Oakland missed the playoffs in 1971 and reached the postseason again in 1972, winning the AFC West with a 10-3-1 record. In the first round of the playoffs, the Raiders locked up with an emerging power and arch-rival in the Pittsburgh Steelers at Three Rivers Stadium. In what was dubbed the Immaculate Reception game, it was Conners and the Raiders losing 13-7 on the final play of the game when Franco Harris grabbed a deflected pass out of the air and rambled into the end zone for the miracle finish. The Steelers wound up losing to the eventual unbeaten Super Bowl champion Miami Dolphins the next week.

Back again in 1973, the Raiders won the AFC West, avenged the loss to the Steelers in the first round of the playoffs and lost to the eventual Super Bowl champion Dolphins in the conference final, 27-10.

Conners’ final season of 1974 saw the Raiders win the AFC West once again with a 12-2 mark, the best record in the conference. After beating the defending champion Dolphins 27-10 in the first round, the Raiders lost at home to another eventual Super Bowl champion as the Steelers, down 10-3 going into the fourth quarter, outscored the Raiders 21-3 in the final quarter to win 24-13. The Steelers went on to win their first Super Bowl, beating the Vikings, 16-6.

Conners appeared in 141 games with the Raiders, 110 of them as a starter. While tackles weren’t considered an official statistic until much later, Conners had 15 interceptions, returning three of them for touchdowns and he recovered 16 fumbles, returning two for scores.

Conners made several postseason All-Pro teams, mostly during a stretch from 1967 through 1969. He was a second-team all-AFL pick in 1967 by the Association Press, United Press International and The Sporting News. In 1968, he earned first-team All-AFL honors by UPI and Pro Football Weekly and second team by the AP. In 1969, he was a first-team All-AFL pick by The Sporting News and second team by the AP.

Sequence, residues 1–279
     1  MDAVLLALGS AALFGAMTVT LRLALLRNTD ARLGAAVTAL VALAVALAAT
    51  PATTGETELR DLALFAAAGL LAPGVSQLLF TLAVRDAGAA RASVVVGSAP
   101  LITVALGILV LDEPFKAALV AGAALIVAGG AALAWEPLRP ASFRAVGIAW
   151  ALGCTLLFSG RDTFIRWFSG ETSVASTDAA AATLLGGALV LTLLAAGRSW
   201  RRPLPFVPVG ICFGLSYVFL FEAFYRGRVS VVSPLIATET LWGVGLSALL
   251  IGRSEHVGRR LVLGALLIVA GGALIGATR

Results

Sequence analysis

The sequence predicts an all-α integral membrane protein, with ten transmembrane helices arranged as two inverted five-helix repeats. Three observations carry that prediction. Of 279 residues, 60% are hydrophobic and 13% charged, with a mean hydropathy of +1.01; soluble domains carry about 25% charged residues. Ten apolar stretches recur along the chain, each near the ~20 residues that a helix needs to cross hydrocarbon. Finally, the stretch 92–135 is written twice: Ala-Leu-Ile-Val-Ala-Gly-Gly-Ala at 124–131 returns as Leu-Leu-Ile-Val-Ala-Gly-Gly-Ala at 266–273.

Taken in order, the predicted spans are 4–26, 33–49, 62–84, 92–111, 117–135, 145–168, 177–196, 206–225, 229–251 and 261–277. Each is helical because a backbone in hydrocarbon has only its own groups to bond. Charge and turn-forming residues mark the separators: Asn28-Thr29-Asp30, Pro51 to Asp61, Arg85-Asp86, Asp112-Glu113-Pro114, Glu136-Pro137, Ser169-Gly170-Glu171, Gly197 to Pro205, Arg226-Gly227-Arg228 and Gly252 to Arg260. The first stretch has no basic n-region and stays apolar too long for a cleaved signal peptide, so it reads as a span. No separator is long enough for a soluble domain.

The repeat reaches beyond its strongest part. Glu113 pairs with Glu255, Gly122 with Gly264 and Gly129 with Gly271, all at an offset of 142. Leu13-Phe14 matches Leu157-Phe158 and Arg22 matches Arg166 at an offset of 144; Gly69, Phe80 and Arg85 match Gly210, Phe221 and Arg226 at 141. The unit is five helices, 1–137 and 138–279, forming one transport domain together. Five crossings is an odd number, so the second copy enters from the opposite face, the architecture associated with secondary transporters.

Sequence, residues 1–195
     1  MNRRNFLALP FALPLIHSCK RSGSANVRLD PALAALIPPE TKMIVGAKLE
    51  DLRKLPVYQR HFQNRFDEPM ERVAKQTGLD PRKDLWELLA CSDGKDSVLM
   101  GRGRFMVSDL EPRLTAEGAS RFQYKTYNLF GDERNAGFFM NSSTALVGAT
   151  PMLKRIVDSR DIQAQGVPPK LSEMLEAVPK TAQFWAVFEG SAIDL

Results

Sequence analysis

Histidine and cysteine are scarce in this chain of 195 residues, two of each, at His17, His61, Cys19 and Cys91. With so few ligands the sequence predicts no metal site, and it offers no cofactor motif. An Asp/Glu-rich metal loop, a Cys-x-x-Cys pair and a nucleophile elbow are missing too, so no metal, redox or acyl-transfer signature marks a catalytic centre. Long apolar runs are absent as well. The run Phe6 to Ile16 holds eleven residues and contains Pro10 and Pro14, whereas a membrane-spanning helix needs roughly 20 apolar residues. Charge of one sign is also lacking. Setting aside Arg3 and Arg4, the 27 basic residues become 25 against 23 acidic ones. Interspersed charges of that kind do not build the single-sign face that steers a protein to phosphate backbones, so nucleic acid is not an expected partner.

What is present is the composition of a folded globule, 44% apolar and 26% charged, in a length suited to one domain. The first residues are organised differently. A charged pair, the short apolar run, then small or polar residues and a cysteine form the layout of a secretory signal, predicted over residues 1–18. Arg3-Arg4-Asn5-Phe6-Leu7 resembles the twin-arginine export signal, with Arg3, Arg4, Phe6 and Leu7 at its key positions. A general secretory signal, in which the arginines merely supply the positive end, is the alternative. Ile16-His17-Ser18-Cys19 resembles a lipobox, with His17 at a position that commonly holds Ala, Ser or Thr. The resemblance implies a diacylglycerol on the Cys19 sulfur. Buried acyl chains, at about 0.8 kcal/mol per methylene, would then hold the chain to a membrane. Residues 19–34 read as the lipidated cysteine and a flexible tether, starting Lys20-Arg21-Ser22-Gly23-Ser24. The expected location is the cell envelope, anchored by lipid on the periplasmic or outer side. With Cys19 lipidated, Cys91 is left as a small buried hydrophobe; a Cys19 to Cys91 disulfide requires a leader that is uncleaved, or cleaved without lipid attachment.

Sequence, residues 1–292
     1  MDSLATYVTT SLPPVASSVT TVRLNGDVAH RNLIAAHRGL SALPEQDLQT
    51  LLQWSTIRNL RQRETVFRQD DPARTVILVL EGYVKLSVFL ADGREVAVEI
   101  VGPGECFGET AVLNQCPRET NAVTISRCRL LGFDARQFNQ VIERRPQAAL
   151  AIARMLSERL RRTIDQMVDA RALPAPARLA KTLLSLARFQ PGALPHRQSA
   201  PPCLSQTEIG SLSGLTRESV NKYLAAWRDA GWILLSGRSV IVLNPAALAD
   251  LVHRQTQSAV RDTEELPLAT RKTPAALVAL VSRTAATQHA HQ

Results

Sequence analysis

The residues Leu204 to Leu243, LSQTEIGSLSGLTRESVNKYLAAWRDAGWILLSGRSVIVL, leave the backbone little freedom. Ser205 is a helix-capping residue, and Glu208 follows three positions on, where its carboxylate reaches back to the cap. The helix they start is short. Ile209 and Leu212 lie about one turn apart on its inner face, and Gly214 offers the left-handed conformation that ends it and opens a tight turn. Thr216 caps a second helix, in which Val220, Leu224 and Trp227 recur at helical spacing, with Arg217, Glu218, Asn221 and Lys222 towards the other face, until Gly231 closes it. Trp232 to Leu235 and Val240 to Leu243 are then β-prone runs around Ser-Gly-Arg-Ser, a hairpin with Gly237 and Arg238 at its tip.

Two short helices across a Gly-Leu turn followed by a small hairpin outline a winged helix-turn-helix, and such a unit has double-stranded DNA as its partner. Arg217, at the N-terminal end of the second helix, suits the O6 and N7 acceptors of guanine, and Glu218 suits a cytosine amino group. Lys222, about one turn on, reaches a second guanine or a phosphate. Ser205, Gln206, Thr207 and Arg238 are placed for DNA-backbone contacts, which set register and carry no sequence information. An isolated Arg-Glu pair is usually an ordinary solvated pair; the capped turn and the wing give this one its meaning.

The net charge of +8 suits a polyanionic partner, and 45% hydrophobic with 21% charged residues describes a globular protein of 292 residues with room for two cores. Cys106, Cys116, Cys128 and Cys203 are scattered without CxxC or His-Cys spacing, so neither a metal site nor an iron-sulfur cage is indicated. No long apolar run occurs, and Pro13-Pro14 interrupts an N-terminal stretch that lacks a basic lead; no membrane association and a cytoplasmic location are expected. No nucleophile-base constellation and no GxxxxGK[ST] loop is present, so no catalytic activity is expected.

Conners was named as one of the six linebackers on the AFL Hall of Fame All-1960 Team, joining the likes of Bobby Bell, Nick Buoniconti, George Webster, Larry Grantham and Mike Stratton. The Chiefs’ Bell and the Dolphins’ Buoniconti are Pro Football Hall of Famers.

In Conners’ 11 seasons, the Raiders won seven division titles and compiled a 105-38-11 regulat-season record (.718 winning percentage). He was foundational piece of the Raiders’ defense over that period. Two years after he retired, the Raiders won their first Super Bowl title against the Vikings in 1976.

Later YearsEdit

After his retirement, Conners remained in football as an assistant coach for the San Francisco 49ers and a scout for the Tampa Bay Buccaneers before returning to the Raiders organization as a scout. He lived in the Oakland area and served more than 25 years with the Raiders. He died on April 28, 2019 at the age of 77.[1][2]

See alsoEdit


  1. ^ Petrochko, Kevin. "A former super bowl champion with local roots has died". Retrieved 2 May 2019.
  2. ^ Daniel Joseph Conners